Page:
From: Vladimir Prus (ghost_at_[hidden])
Date: 2004-06-25 03:45:05
Mark Elston wrote:
> This is really cool.
> BTW, now that I am apparently getting past the introductory newbie
> user stage is there any docs on the architecture or design that
> would help me get up to speed on how this is put together?
Alas, not very much. We used to have architecture.html document, but it's
very, very out of date.
> I would
> like to help out with the development but have *soooo* many
> questions when I look at the jam code that I feel I must be missing
> something obvious. I expect that, at some point, things will just
> 'click' and I will begin to see how this all fits together but
> right now, except for some obvious pieces (tools/msvc.jam,
> gcc.jam, etc).
I understand the problem. I'll try to document this better, maybe even now.
> Even the comment below that the entry point for conditionals handling
> is in evaluate-conditionals in build/property.jam is only partially
> helpful. It would really help to have a better picture of how this
> jam function (as an example) gets called, where it gets called from,
> what its parameters are, how they were generated, etc.
> For example, I started by looking for the string 'evaluate-conditionals'
> in jam_src but couldn't find
Looking in "jam_src" is not going to help ;-) Most of Boost.Build logic in in
> These two belong to the property-set.evaluate-conditionals rule which
> does not call property.evaluate-rules:
> ./build/property-set.jam:173: rule evaluate-conditionals ( context ? )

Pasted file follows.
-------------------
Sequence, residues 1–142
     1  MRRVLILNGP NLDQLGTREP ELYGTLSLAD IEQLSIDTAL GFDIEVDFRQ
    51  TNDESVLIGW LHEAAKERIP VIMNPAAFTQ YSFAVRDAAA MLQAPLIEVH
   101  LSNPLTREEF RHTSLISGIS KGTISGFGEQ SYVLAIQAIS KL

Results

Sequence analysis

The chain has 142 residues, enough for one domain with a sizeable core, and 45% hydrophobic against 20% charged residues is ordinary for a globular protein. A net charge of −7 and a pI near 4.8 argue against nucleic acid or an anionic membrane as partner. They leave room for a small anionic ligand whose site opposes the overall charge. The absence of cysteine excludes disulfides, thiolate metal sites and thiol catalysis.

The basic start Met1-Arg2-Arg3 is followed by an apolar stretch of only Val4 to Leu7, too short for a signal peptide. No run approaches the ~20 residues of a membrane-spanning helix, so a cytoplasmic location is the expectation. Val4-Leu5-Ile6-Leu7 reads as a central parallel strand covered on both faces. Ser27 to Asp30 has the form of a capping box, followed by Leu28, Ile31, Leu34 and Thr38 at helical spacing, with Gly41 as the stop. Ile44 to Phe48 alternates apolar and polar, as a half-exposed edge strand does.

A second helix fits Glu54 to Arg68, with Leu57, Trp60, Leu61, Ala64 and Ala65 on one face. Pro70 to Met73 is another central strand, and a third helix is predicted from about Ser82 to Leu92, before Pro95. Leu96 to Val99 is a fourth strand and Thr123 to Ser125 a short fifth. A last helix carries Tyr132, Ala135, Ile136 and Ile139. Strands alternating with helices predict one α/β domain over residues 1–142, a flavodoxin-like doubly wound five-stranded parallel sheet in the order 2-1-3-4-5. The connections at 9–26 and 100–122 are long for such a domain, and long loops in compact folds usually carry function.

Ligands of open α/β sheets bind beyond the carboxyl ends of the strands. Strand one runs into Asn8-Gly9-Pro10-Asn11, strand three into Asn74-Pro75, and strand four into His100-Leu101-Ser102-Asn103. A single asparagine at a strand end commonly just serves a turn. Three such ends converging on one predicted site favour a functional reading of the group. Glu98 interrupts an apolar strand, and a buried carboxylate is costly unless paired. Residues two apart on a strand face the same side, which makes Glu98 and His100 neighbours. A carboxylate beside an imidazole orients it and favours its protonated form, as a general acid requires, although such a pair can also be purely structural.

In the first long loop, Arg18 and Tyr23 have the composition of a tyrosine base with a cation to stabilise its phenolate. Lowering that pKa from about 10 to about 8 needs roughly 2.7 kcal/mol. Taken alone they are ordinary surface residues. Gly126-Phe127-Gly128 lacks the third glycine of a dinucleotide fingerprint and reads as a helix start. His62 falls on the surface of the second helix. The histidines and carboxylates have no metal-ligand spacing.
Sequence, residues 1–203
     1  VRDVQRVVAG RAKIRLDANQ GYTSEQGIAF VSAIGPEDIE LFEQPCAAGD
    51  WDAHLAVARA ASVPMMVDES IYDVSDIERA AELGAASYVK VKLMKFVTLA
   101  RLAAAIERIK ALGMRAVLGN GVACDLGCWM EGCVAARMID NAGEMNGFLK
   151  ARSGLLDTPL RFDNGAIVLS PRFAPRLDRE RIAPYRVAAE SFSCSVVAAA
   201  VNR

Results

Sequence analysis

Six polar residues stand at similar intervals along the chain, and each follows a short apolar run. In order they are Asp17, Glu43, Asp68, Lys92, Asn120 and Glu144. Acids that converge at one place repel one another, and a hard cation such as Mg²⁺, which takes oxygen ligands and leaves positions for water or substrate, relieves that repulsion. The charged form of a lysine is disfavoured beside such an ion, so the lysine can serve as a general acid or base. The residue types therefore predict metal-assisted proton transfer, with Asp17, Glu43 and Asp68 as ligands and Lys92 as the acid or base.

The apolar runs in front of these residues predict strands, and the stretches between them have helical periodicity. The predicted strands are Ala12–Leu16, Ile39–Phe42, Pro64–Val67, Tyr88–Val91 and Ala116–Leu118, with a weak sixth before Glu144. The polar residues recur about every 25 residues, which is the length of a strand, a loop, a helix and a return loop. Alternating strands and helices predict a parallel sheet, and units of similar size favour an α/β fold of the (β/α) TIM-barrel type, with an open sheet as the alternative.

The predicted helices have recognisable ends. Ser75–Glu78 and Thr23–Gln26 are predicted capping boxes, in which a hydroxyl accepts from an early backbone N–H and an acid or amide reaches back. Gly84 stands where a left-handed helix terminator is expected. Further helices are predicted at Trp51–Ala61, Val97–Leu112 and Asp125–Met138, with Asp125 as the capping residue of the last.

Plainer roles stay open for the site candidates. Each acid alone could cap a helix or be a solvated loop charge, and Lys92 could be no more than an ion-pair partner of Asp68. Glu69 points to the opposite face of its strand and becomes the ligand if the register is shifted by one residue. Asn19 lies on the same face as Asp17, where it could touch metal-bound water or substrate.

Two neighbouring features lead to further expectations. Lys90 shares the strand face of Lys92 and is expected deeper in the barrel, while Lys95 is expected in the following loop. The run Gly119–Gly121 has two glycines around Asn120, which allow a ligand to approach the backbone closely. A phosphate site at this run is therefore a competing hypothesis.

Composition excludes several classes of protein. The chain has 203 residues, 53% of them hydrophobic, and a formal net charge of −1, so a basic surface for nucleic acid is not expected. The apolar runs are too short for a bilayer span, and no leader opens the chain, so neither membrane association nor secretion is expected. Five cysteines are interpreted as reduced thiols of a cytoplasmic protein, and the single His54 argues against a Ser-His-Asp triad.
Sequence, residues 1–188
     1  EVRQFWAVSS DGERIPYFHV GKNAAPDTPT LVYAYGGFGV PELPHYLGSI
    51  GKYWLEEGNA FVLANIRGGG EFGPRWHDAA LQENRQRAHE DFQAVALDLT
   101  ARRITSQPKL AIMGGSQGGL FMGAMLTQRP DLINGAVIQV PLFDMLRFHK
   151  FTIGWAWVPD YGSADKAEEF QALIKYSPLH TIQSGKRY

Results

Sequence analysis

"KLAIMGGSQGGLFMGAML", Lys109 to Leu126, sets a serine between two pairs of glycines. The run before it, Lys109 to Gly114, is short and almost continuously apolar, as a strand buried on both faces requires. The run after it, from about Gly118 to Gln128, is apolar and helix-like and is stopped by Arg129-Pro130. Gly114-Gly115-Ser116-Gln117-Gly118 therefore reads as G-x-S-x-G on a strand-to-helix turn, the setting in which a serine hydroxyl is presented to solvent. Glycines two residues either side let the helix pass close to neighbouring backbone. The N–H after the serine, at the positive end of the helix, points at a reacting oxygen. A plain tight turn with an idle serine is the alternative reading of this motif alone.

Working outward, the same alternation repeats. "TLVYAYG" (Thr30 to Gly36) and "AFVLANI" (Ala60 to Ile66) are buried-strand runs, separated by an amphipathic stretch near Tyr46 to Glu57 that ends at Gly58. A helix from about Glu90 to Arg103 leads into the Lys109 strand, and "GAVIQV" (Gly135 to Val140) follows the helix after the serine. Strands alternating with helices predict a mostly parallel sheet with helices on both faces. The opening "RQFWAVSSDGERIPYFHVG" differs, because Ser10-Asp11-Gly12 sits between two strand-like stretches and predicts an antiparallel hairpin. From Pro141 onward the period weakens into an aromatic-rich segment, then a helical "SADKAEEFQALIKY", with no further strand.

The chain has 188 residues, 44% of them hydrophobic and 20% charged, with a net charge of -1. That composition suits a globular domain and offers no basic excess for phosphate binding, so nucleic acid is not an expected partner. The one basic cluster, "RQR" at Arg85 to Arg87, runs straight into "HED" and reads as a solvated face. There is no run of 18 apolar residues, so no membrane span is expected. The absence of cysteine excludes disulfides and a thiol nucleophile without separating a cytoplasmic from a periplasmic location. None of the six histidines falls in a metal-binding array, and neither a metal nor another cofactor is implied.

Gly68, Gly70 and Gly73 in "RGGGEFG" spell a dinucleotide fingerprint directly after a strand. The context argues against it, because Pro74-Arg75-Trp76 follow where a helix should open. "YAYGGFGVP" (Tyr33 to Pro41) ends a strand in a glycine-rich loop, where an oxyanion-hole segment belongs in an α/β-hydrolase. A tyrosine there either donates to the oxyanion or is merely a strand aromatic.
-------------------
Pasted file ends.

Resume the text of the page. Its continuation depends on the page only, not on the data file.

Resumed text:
> ./build/property-set.jam:179: [
> $(self.raw) : [
> $(context).raw ] ] ] ;
Yea. The property-set is a class for representing, well, property-set, which
has some big advantages over raw list of properties. It was introduced after
property.jam was written, so forwards a number of calls to property.jam.
> So, if the property.evaluate-conditionals *is* called from
> targets.basic-target.compute-usage-requirements, the next question is,
> obviously, where is this called from.....
Excellent question! Apparently, when property-set class was introduces, all
callers were changed to use it, and property-set.evaluate-conditionals was
changed to use property.evaluate-conditionals-in-context. So,
property.evaluate-conditionals became unused.
I've removed property.evaluate-conditionals and now rerunning tests. Sorry for
> The second obvious question (to me, at any rate) is the strange nature
> of property.evaluate-conditionals.
> rule evaluate-conditionals ( properties * )
> return [ evaluate-conditionals-in-context $(properties) :
> $(properties) ] ;
> Why does this function pass properties *as the context* to
> property.evaluate-conditionals-in-context? It appears, from my reading of
> this function, that all properties in the list will be returned.
> Oh, wait. They won't be returned exactly as they went in, but with the
> conditional part removed. Is that why this is called this way? If so,
> then property.evaluate-conditionals does not really evaluate conditional
> properties to see if they should be included. If that is true then the
> *real* evaluation of conditional properties is done through another path.
Nope, the way it used to work was that if you pass
but if you pass
you get only
As I've said, this function is not longer use, because we have a bit fancier
algorithm for handling with conditionals. It's even documented ;-) Though not
in docs, the algorithm can be found in
and its implementation in in targets.common-properties.
Hope that helps, and I'll try to write some more high-level architecture docs.
Boost-Build list run by bdawes at acm.org, david.abrahams at rcn.com, gregod at cs.rpi.edu, cpdaniel at pacbell.net, john at johnmaddock.co.uk